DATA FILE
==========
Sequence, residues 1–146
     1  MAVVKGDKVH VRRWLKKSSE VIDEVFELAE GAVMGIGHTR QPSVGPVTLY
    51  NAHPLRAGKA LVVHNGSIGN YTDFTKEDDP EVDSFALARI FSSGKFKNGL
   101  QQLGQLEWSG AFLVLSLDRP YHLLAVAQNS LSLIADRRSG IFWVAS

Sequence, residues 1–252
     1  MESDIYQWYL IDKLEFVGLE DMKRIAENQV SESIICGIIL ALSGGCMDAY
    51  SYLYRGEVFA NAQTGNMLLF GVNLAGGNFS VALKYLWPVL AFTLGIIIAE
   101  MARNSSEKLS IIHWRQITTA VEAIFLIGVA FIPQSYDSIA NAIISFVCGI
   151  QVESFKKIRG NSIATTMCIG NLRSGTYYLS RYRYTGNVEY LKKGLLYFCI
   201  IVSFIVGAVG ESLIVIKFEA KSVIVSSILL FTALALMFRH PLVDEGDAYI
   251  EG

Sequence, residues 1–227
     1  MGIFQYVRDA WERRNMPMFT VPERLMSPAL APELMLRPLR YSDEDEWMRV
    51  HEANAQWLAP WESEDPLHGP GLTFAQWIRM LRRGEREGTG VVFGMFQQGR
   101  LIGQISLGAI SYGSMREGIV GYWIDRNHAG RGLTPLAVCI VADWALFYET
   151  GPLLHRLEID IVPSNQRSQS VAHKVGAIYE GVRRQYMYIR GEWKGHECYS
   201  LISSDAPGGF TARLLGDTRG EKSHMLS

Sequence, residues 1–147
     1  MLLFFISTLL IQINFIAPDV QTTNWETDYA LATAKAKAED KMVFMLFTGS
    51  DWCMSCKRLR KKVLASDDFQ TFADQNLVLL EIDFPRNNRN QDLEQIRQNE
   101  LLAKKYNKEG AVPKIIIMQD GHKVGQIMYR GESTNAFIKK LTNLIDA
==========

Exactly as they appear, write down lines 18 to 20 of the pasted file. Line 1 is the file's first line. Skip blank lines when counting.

Sequence, residues 1–147
     1  MLLFFISTLL IQINFIAPDV QTTNWETDYA LATAKAKAED KMVFMLFTGS
    51  DWCMSCKRLR KKVLASDDFQ TFADQNLVLL EIDFPRNNRN QDLEQIRQNE